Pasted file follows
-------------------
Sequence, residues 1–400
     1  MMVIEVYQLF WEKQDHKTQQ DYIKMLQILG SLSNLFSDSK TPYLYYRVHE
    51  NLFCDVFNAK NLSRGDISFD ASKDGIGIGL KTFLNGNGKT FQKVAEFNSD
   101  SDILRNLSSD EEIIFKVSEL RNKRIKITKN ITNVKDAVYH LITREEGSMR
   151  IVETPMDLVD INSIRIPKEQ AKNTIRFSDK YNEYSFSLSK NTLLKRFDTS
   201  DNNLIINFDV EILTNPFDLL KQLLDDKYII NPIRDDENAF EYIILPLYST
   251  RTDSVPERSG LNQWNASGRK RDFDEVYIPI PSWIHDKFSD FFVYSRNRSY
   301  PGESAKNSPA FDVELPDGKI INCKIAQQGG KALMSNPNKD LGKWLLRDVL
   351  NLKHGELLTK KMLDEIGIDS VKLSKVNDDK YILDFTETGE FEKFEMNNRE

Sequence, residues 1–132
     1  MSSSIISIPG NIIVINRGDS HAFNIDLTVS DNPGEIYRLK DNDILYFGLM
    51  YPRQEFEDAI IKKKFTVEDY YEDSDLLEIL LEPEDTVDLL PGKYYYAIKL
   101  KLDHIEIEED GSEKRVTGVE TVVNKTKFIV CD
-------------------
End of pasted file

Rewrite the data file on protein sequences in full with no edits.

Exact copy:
Sequence, residues 1–400
     1  MMVIEVYQLF WEKQDHKTQQ DYIKMLQILG SLSNLFSDSK TPYLYYRVHE
    51  NLFCDVFNAK NLSRGDISFD ASKDGIGIGL KTFLNGNGKT FQKVAEFNSD
   101  SDILRNLSSD EEIIFKVSEL RNKRIKITKN ITNVKDAVYH LITREEGSMR
   151  IVETPMDLVD INSIRIPKEQ AKNTIRFSDK YNEYSFSLSK NTLLKRFDTS
   201  DNNLIINFDV EILTNPFDLL KQLLDDKYII NPIRDDENAF EYIILPLYST
   251  RTDSVPERSG LNQWNASGRK RDFDEVYIPI PSWIHDKFSD FFVYSRNRSY
   301  PGESAKNSPA FDVELPDGKI INCKIAQQGG KALMSNPNKD LGKWLLRDVL
   351  NLKHGELLTK KMLDEIGIDS VKLSKVNDDK YILDFTETGE FEKFEMNNRE

Sequence, residues 1–132
     1  MSSSIISIPG NIIVINRGDS HAFNIDLTVS DNPGEIYRLK DNDILYFGLM
    51  YPRQEFEDAI IKKKFTVEDY YEDSDLLEIL LEPEDTVDLL PGKYYYAIKL
   101  KLDHIEIEED GSEKRVTGVE TVVNKTKFIV CD